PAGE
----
Renewable energy can have adverse environmental effects too

Renewable energy requires massive installations, usually in remote or desert areas, of wind and solar farms. Such projects often spread over thousands of acres and invariably will have at least some adverse environmental impact. Deserts are fragile places. Ecosystems can be easily upset. Species like the desert tortoise are threatened by such developments. Plus, Native Americans often consider such lands important, if not sacred, to them.

Construction of gigantic wind and solar power plants is enormously disruptive to the habitat, as endless convoys of large trucks ferry equipment and supplies into the area. Wind power has additional problems, with some objecting to the constant noise. Plus, the turbines can be hazardous to birds.

California has several huge solar projects planned for deserts. Native American groups are trying to block or change them, saying they weren’t properly consulted and are concerned that geoglyphs could be destroyed. Yet the reaction of many mainstream environmentalists is to brush such criticism aside. Johanna Wald of the National Defense Resource Counsel (NDRC) says “There’s no free lunch when it comes to meeting our energy needs. To get energy, we need to do things that will have impacts.” Yet the NDRC is steadfastly opposed to building new coal, gas, or nuclear plants, often because of the very same environmental impact concerns.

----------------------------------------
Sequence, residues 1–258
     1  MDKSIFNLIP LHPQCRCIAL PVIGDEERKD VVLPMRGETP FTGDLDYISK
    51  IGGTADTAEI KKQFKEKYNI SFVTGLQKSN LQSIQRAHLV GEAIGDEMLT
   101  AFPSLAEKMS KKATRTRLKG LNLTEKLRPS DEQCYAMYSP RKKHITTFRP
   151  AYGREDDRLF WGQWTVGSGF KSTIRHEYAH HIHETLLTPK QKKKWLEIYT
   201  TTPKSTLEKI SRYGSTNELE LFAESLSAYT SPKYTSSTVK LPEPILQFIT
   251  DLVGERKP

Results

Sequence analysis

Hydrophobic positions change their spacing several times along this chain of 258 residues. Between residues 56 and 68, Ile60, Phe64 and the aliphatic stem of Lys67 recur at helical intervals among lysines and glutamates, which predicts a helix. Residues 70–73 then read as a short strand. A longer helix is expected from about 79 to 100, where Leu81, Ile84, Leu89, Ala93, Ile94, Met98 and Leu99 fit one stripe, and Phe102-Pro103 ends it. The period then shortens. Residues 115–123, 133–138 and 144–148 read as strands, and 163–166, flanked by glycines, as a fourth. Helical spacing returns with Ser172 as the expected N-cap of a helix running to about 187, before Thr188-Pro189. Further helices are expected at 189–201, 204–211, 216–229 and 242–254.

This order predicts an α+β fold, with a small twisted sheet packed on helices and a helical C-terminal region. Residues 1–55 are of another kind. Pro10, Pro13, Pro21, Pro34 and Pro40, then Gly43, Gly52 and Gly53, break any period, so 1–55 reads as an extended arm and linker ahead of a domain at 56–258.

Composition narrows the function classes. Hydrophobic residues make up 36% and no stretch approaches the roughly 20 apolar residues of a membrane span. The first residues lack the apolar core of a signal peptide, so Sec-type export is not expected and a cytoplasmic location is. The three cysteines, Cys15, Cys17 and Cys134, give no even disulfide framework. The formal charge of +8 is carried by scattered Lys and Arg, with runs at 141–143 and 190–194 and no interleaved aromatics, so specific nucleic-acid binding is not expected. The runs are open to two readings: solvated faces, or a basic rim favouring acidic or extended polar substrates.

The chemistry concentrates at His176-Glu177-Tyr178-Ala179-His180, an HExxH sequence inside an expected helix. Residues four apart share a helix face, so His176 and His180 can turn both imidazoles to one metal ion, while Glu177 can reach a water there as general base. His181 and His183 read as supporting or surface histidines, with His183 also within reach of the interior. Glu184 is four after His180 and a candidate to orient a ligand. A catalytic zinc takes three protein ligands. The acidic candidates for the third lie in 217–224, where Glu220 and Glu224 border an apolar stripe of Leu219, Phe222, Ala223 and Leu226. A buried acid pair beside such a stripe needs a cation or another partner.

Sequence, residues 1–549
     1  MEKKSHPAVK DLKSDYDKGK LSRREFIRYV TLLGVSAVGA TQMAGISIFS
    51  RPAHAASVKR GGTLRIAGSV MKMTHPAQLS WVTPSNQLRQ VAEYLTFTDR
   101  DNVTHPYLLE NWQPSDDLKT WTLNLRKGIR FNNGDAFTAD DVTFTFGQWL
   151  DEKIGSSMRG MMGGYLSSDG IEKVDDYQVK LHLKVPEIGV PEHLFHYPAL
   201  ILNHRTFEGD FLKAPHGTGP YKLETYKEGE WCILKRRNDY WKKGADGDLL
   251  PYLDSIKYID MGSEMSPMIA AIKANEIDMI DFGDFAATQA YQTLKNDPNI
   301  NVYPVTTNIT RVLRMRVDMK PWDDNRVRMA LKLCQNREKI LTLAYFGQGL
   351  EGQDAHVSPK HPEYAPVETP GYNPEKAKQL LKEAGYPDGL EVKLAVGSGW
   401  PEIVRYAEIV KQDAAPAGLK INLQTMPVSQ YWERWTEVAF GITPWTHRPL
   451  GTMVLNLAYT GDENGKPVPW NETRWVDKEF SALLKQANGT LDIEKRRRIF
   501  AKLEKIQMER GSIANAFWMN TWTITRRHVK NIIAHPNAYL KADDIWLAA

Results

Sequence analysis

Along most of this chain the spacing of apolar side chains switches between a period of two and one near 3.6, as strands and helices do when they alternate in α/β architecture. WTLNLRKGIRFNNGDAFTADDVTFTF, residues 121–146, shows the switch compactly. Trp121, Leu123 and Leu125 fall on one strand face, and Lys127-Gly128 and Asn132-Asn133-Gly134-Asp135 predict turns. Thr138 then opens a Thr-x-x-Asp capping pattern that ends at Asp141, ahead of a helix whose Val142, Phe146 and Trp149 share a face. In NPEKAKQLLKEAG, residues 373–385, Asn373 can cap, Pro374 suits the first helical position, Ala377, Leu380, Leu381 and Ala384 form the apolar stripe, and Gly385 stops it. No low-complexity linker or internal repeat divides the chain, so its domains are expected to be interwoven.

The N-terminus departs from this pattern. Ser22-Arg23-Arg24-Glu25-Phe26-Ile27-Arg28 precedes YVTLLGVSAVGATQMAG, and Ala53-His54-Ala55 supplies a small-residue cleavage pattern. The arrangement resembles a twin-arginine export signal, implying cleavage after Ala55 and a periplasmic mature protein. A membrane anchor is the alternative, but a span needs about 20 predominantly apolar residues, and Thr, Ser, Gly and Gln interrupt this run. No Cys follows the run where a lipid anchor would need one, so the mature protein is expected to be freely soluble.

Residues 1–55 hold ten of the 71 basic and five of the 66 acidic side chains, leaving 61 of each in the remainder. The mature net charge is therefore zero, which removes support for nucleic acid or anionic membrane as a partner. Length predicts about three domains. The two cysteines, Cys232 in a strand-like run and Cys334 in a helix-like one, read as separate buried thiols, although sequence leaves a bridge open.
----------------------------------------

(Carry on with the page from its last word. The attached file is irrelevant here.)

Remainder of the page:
Kenneth Zweibel, director of the George Washington University Solar Institute, agrees with Wald’s decidedly environmentally-unfriendly sentiment saying:

     “Something you are trying to protect is being changed, but it’s helping so much in terms of climate change, energy self-sufficiency and clean energy; it’s a sacrifice that’s appropriate to take.”

Ah, but he’s not the one making the sacrifice, is he?  “We all have the strength to bear the misfortunes of others” especially when, in the parlance of Wall Street, one is talking their own book (praising stocks they own).

“The irony is, in the name of saving the planet; we’re casting aside 30 or 40 years of environmental law. It’s really a type of frenzy” says a solar analyst at an investment bank.  This is made even more ironic because mainstream environmental groups are the ones pushing to ignore the environmental laws while an investment bank has become concerned. While the result of big wind and solar is renewable energy, this does not mean that safeguards should be ignored in a mad rush to go to clean energy.

One of the stalwarts of renewable energy for decades has been hydropower. Once constructed, big hydro projects have generally been considered to be environmentally friendly (The actual construction of course has serious environmental impact.) Yet it is becoming clear that big hydro has major adverse impacts after construction, and this is something no one predicted. At both the immense Guri dam in Venezuela and at the even larger Three Gorges dam in China, it is now clear that these dams have changed the weather, creating droughts. This means far less power is created than originally estimated. The dams also cause massive landslides and even earthquakes.

Yes, we need renewable energy and lots of it. But in the rush to install solar and wind on tens of thousands of acres of California desert, no one seems to be thinking about the long-term aggregate effect of such projects. No one thought big hydro would change the weather, but it does.

Will these projects have unforeseen effects in California deserts too?